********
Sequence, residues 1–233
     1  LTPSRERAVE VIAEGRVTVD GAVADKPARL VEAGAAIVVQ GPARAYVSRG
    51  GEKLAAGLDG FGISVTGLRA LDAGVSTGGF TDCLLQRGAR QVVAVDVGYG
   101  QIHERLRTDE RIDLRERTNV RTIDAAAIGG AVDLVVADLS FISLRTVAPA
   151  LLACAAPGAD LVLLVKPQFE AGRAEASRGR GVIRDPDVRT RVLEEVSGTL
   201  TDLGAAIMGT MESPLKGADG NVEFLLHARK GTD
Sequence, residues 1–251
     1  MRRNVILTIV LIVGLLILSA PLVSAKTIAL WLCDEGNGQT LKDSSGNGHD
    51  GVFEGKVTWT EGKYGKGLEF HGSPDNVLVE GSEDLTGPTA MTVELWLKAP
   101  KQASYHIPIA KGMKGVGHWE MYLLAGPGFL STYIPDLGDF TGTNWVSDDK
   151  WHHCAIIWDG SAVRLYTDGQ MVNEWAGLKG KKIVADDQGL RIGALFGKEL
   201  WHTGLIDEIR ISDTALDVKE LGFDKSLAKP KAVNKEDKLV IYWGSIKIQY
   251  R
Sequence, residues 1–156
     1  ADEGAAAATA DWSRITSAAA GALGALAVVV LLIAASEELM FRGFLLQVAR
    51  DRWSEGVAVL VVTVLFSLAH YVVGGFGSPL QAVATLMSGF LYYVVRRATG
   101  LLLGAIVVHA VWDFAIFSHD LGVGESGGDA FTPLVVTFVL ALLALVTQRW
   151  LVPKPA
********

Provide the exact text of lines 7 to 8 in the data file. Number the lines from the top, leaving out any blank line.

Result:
Sequence, residues 1–251
     1  MRRNVILTIV LIVGLLILSA PLVSAKTIAL WLCDEGNGQT LKDSSGNGHD